The heritage and lifestyle brand’s 2020 Christmas campaign is inspired by the popular children’s books written and illustrated by Raymond Briggs and the iconic 1991 animated special, Father Christmas, for the second year. Pictured, the boys receives his father’s fixed Barbour jacket

The Barbour customer service team inspect the jacket and reassure him that it can be mended. They set to work repairing the jacket and give it a rewax too, so it looks as good as new. 

Father Christmas then delivers the jacket back to the boy on Christmas Eve to give to his father on Christmas Day. 

The film ends with the family out for a dog walk on Christmas Day, the little boy smiling and happy and the father proudly wearing his newly restored Barbour jacket. 

The film is based on the true story of Dudley the dachshund who chewed his owner’s much adored Barbour jacket. His owner sent it back to Barbour with a note from Dudley to say he was sorry! 

Shoppers have taken to Twitter to praise Barbour's focus on sustainability rather than always buying new (pictured)

Shoppers have taken to Twitter to praise Barbour’s focus on sustainability rather than always buying new (pictured)

The boy writes to Father Christmas to say that he doesn't want a present this year, he just needs his help to repair his father's jacket in time for Christmas (pictured)

The boy writes to Father Christmas to say that he doesn’t want a present this year, he just needs his help to repair his father’s jacket in time for Christmas (pictured)

Father Christmas realises he can't mend the jacket himself but has the bright idea of taking it to the Barbour factory in South Shields to see whether they can assist (pictured)

Father Christmas realises he can’t mend the jacket himself but has the bright idea of taking it to the Barbour factory in South Shields to see whether they can assist (pictured)

And many were quick to take to Twitter to praise Barbour for its focus on sustainability.

‘Stop all the Christmas ads, Barbour have nailed it. They know their audience are dog people, they’re promoting sustainability over buying new presents and it gives you that warm feeling,’ wrote one, while a second enthused:

‘Barbour’s brilliant Christmas advert is a tale on sustainability & repairing precious gifts! It’s also the wonderful Raymond Briggs Father Christmas! Definitely our new favourite!’

Paul Wilkinson, Global Marketing and Commercial Director, Barbour commented: ‘This is a very special Christmas campaign for us as it’s based on a true story from one of our customers.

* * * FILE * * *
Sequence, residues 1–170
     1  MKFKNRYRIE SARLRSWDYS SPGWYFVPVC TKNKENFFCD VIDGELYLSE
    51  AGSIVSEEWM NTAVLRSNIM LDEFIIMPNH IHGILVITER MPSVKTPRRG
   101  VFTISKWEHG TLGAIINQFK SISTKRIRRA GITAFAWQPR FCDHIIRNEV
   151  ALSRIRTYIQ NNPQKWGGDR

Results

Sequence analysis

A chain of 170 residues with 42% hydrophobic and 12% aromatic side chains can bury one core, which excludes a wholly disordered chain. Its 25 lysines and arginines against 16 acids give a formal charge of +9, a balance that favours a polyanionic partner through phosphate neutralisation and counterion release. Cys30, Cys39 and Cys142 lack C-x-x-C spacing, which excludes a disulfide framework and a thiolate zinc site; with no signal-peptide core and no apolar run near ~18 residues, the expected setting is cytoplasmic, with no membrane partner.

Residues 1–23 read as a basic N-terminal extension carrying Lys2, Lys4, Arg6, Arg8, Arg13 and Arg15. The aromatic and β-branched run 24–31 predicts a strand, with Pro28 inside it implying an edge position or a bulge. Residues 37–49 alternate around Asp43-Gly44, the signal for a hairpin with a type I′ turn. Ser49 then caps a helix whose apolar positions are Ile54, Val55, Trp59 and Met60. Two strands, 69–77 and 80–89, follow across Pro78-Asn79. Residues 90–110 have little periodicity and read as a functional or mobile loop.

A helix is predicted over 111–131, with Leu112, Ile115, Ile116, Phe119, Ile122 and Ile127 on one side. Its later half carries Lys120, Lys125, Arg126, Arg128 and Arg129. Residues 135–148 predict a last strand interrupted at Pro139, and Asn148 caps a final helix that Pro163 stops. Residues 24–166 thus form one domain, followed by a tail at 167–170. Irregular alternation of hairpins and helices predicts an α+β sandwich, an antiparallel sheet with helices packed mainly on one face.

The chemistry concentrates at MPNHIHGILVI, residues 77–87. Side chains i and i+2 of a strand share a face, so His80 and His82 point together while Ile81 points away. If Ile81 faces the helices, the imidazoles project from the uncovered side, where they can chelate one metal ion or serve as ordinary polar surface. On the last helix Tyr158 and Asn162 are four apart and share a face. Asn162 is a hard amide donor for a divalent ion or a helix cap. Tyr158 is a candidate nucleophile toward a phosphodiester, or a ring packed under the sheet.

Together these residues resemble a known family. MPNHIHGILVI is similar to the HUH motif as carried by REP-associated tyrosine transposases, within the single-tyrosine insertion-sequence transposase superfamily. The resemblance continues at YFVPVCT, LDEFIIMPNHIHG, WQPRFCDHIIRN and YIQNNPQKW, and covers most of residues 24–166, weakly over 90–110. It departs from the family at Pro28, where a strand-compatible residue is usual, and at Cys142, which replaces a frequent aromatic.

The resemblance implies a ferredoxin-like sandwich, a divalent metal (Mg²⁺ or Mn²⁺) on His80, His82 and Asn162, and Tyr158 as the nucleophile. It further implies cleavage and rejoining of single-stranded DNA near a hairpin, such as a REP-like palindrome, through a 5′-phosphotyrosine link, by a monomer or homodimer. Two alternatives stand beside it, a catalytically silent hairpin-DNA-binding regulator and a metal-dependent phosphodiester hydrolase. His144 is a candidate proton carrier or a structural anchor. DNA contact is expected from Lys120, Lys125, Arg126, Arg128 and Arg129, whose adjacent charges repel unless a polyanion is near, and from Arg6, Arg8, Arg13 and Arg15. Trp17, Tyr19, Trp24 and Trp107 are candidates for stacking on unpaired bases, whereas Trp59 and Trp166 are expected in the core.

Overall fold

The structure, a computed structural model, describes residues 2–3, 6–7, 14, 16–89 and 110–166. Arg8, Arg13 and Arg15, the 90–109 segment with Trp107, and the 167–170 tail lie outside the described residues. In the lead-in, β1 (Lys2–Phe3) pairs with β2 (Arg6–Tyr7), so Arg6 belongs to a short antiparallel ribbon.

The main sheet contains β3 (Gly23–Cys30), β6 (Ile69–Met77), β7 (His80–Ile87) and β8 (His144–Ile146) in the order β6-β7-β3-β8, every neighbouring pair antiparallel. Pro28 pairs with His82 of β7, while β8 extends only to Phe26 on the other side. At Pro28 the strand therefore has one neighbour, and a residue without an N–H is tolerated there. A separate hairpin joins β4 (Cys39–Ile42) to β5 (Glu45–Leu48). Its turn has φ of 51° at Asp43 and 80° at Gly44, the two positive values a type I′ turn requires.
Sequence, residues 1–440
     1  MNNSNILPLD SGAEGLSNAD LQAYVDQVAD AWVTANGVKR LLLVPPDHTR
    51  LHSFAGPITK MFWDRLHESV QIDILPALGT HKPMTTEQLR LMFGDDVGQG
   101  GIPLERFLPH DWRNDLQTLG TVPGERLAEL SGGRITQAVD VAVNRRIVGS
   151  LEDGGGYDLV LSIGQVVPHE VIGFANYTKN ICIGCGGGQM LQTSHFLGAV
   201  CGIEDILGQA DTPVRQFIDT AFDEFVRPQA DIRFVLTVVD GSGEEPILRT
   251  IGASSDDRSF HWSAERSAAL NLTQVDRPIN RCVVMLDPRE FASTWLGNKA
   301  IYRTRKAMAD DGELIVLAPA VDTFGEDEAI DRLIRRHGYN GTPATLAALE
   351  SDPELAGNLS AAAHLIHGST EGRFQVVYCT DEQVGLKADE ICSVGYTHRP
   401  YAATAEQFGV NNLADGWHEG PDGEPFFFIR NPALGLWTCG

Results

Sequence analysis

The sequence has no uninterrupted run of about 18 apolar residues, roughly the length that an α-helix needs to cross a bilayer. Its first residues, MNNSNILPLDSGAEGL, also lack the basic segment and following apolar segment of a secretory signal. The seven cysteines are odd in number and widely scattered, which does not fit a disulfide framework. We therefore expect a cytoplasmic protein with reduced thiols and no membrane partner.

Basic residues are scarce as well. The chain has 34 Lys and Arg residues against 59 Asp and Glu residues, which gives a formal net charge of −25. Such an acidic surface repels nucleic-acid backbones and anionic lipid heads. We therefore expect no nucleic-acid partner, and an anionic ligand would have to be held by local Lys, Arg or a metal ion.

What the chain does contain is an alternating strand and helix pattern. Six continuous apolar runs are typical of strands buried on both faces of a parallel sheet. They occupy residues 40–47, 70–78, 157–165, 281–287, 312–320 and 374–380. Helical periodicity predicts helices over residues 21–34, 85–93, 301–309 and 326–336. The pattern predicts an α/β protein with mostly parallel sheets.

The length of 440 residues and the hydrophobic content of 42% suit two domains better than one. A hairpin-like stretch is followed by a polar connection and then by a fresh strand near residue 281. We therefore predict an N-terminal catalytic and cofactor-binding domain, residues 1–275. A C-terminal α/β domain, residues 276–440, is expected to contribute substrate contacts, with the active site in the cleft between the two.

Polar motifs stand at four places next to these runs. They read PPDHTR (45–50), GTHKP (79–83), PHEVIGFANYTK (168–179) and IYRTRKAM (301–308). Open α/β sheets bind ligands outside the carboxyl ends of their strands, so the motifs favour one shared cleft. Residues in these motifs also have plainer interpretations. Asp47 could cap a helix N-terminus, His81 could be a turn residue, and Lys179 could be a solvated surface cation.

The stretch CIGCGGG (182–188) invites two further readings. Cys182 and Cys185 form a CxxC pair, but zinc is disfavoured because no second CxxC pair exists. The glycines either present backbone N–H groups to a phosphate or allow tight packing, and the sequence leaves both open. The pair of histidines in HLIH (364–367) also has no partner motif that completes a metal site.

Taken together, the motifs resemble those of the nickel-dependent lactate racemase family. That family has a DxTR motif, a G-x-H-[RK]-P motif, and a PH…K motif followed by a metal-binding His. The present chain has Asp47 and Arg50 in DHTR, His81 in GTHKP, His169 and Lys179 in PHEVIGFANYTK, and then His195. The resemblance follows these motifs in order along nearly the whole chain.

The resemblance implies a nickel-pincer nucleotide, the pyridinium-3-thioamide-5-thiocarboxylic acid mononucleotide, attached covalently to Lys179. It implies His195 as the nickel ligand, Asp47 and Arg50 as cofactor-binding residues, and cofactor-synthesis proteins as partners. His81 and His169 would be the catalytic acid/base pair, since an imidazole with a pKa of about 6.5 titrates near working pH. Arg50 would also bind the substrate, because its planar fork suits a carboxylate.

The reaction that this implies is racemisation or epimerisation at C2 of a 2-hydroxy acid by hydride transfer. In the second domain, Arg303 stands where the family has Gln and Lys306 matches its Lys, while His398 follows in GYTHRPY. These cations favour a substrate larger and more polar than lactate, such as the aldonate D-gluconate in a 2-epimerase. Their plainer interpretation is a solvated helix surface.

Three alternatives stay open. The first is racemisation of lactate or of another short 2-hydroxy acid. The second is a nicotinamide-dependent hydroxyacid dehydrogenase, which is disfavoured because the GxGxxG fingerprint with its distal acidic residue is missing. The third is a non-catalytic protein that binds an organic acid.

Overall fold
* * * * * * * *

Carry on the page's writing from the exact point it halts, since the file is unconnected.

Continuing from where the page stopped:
The film highlights how much our Barbour jackets are loved and become an important part of the family. 

Barbour wax jackets are made to last – they’re very sustainable and if you rewax your jacket at least once a year, it could last you a lifetime even if a naughty dachshund does decide to get his teeth into it!’ 

Award winning 2D animation studio, Illuminated Films, produced the animation for the film using computer assisted animation, compositing and special effects software TV Paint. 

The Barbour customer service team inspect the jacket and reassure him that it can be mended (pictured)

The Barbour customer service team inspect the jacket and reassure him that it can be mended (pictured)

Father Christmas then delivers the jacket back to the boy on Christmas Eve to give to his father on Christmas Day (pictured)

Father Christmas then delivers the jacket back to the boy on Christmas Eve to give to his father on Christmas Day (pictured)

‘Father Christmas to the Rescue’ was written and directed by Dave Unwin, along with Art Director Loraine Marshall and a number of leading British animators. 

Working closely with the production team at Illuminated Films, Barbour’s integrated creative agency, 

Thinking Juice one of the UK’s top ten independents, came up with the narrative of ‘Father Christmas to the Rescue’ and the creative elements of the campaign. 

The voice of Father Christmas for the second year running is actor Colin McFarlane. The agreement was brokered by The Copyrights Group, a Vivendi Company, who have been the licensing agents for Father Christmas for nearly 30 years.